The restaurant opened its doors and was met with immediate success—a line wrapping around the block every evening. There was no way Nasery could have predicted the events that would take place just one year later on September 11. Pointing to the empty chairs beside him, he recounts one incident. “There was a couple sitting there, and I was with them. Channel 8 was here, and one guy passing by yelled at my customers saying, ‘Shame on you for eating in this place—look at what happened!’” The customers responded in defense of Nasery, and that was the end of it. Besides a handful of vile phone calls, there were no other issues. In the end, he was deeply touched by the overwhelming support from the surrounding community. “I thought for sure we were done and would have to close down,” he confesses. “But the greatest month of business was after 9/11. The people in this area are so intelligent and sophisticated, they supported us and told others that we were those who had escaped our country, who had come here homeless, that it was not our fault, and we were not involved in these things.”
A plate is passed between us, disrupting our eye contact, and I’m drawn back to the present. I blink with eyes wide as I realize I’ve neglected the generous spread before me. Gesturing with his hands Nasery urges me, “Please, eat, eat. Afghan food does not taste good cold.” The disparate dishes crowding the table seem like a strange compilation of food from across the globe. There appears to be kabobs set atop Indian naan, kormas paired with Middle Eastern rice, Greek salad, and Asian dumplings topped with peas and a drizzle of yogurt. Sensing my confusion, Nasery shoots me a wide grin and says, “We have a variety of food.” A variety that seems haphazard without a proper introduction to Afghanistan’s history.
The mountainous country rests on a plot of land along the historic Silk Road, a meeting place for diverse peoples traveling from all over Asia, the Middle East, and Europe. Its coveted location is evidenced by numerous invasions throughout history by the likes of Alexander the Great and Genghis Khan, as well as the British, Persians, and Arabs, among others. And when the Soviets took over Central and Northern Asia, Afghanistan was consequently flooded with retreating Uzbeks, Tajiks and Turkmens. All of these peoples and nations have played an integral role in shaping the country’s cuisine as we know it today.
The crowning glory of an Afghan meal is basmati rice—with more variations than one could imagine. It’s similar to what you would find in the Middle East, spiced with saffron, turmeric and coriander, but its flavors are more potent and aromatic, and it’s often adorned with nuts and fruit. With such attention to complex rice dishes, their kormas are subtler, as if in efforts to keep from overwhelming the senses. Less rich than in India and only moderately spicy, they serve as an addition to the rice, often made with beef or lamb kofta (meatballs), and even kidney beans. Pastas like ashak and mantu are akin to dumplings, an obvious influence from Central Asia, and served with spiced meat which can be attributed to Persia. I mix and match mouth-watering bites of it all, amazed at how the flavors from such differing nations could be so masterfully blended and balanced into one cohesive meal. The people of this land have taken a history of war and upheaval, and created a beautiful mosaic—Afghan cuisine.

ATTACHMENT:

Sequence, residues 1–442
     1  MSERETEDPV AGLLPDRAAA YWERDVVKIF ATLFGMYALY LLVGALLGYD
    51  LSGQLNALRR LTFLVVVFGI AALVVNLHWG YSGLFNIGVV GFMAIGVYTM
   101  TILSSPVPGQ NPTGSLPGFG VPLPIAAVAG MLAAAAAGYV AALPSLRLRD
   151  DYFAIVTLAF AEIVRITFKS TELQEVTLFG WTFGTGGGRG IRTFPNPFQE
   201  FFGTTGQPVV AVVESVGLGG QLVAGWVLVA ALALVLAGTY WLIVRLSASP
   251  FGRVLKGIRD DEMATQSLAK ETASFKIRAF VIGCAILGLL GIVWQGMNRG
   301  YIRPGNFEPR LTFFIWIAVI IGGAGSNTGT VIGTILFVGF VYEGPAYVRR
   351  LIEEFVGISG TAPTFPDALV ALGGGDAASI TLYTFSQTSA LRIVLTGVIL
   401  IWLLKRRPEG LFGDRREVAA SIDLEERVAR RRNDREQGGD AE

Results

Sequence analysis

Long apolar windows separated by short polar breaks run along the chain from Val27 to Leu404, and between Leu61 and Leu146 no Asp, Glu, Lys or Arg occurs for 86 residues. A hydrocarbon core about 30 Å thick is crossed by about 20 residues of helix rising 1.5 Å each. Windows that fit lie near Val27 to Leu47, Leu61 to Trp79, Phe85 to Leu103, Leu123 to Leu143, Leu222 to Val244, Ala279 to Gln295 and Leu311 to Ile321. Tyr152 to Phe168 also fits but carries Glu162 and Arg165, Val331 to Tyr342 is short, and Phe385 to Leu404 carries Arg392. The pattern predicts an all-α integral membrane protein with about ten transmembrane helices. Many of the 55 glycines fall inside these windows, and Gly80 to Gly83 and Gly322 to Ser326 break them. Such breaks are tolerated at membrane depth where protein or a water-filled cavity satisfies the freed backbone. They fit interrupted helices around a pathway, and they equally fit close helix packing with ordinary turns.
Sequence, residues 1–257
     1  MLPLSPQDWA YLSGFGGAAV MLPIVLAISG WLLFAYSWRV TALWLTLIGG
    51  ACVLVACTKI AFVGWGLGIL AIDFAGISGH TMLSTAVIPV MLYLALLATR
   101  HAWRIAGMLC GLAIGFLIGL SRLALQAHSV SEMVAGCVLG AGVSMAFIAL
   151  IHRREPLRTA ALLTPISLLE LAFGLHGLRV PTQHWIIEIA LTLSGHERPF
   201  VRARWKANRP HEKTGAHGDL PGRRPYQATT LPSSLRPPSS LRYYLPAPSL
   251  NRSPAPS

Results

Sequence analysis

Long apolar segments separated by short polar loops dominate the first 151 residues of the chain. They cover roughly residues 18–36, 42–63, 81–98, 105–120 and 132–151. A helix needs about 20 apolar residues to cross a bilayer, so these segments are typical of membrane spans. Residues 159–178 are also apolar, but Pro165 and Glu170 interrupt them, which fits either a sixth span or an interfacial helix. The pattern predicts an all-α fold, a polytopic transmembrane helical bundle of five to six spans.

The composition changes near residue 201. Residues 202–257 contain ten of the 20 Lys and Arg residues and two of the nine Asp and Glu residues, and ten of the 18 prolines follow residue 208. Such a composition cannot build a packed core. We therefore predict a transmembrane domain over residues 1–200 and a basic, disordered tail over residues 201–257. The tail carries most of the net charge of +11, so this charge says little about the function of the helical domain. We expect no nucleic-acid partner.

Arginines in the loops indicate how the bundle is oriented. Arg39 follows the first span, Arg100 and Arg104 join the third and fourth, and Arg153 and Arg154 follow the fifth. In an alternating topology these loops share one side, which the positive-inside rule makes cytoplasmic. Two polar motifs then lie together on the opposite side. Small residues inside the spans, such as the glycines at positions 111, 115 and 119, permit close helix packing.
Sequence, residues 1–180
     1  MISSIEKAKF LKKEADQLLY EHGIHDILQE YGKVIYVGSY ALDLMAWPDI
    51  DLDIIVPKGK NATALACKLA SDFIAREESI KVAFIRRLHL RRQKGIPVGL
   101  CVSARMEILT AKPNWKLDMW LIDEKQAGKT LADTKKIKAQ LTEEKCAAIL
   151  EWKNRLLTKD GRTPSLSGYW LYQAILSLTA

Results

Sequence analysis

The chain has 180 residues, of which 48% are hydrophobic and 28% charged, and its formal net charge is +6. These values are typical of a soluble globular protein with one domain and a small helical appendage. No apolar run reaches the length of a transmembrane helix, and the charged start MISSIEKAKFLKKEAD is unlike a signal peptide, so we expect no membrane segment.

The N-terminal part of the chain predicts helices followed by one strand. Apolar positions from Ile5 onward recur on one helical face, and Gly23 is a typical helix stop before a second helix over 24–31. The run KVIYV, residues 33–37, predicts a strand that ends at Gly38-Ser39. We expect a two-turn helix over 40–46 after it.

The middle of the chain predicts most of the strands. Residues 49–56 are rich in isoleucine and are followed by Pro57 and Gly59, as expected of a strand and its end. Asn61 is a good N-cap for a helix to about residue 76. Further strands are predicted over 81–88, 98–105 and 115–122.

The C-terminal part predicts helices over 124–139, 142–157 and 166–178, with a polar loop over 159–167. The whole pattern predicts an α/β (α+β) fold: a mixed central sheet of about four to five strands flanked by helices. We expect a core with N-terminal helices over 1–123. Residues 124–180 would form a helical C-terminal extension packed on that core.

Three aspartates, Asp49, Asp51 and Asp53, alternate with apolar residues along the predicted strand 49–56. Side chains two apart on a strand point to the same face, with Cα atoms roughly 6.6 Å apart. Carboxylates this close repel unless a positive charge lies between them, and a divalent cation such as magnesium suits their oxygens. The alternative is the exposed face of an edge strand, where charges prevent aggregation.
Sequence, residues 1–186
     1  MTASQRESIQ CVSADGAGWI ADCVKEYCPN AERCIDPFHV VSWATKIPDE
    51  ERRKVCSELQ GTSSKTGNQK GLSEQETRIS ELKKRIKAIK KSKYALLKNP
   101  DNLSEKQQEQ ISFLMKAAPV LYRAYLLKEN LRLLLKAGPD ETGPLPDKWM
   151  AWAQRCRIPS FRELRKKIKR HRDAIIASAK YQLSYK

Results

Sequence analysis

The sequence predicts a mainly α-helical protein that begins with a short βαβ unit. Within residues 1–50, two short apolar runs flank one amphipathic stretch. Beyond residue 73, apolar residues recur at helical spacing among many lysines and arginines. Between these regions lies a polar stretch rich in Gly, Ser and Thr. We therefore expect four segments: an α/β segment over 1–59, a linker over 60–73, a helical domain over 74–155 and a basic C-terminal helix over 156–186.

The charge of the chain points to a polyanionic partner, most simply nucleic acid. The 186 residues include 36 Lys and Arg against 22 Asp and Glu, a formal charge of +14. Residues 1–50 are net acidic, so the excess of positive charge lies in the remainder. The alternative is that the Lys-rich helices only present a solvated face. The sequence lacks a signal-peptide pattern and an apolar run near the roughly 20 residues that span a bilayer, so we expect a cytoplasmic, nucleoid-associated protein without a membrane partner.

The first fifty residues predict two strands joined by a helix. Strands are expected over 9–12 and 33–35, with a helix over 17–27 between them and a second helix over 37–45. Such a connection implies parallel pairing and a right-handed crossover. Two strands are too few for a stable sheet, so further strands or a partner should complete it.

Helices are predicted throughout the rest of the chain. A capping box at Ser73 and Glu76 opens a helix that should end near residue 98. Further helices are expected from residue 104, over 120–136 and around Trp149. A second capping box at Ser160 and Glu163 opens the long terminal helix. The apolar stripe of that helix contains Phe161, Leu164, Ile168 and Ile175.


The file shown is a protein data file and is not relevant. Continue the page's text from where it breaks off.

“We have seen every part of life. What is dark, what is bright, what is good, what is bad—everything.”
Nasery not only labored with all of his might to stand on his own, but he’s supported countless others in doing so too. “This country was built by refugees,” he declares, “and is so successful because of the immigrants and refugees who come here.” The majority of his staff is Afghan, with most having been with him 10 to 20 years. His current head chef, Qais Farmuly, is from Kabul, and was formally trained there before coming to the U.S. Nasery is still present in the restaurant most days of the week, throwing an apron on over a suit and tie—which he wears every day. But it is Farmuly who has been carrying more of the load the last couple years.
As we stand at the bar just outside the kitchen, close enough for Farmuly to run in and check on things as needed, he recalls his memorable first encounter with Nasery. The interview was set for 4 p.m. sharp and when he arrived, Nasery immediately directed him to the kitchen to help cook for the impending dinner rush. Despite much protest at being completely unprepared for such a task, Nasery persisted—gentle, yet unrelenting—and Farmuly was by his side moments later. “I’ve been here ever since,” he says with a chuckle.
While Farmuly is thankful for the opportunity to do what he loves, there is this beautiful reciprocity between the two, as Nasery feels incredibly grateful for him as well. “Without him, I would be dead,” Nasery confesses. “Without him, this restaurant would be closed. If he left today, tomorrow it would be closed, honest to God.”
With his country’s turbulent history at the forefront of his mind, Nasery reflects on his own arduous journey. “We are lucky,” he asserts. “We have seen every part of life. What is dark, what is bright, what is good, what is bad—everything.” He intimates some of the struggles of his friends who battled depression upon emigrating to the U.S., having lost everything. “I told them, ‘This is the reality today; what it was, is gone. There is no kingdom, there is no king, there is no power. We are all refugees, we are just ordinary people here… we should work hard to stand again.’”
Our ongoing column, Roots by L&T Contributors Nicole Bravo and Lauren di Matteo, explore lesser-known stories of those who take a traditional approach to food to honor their heritage or to rediscover those useful, time-tested methods. These stories hone in on the lineage, history and perpetuation of cultural customs—or even the clashing of those values with the fast-paced life much of the world embraces today.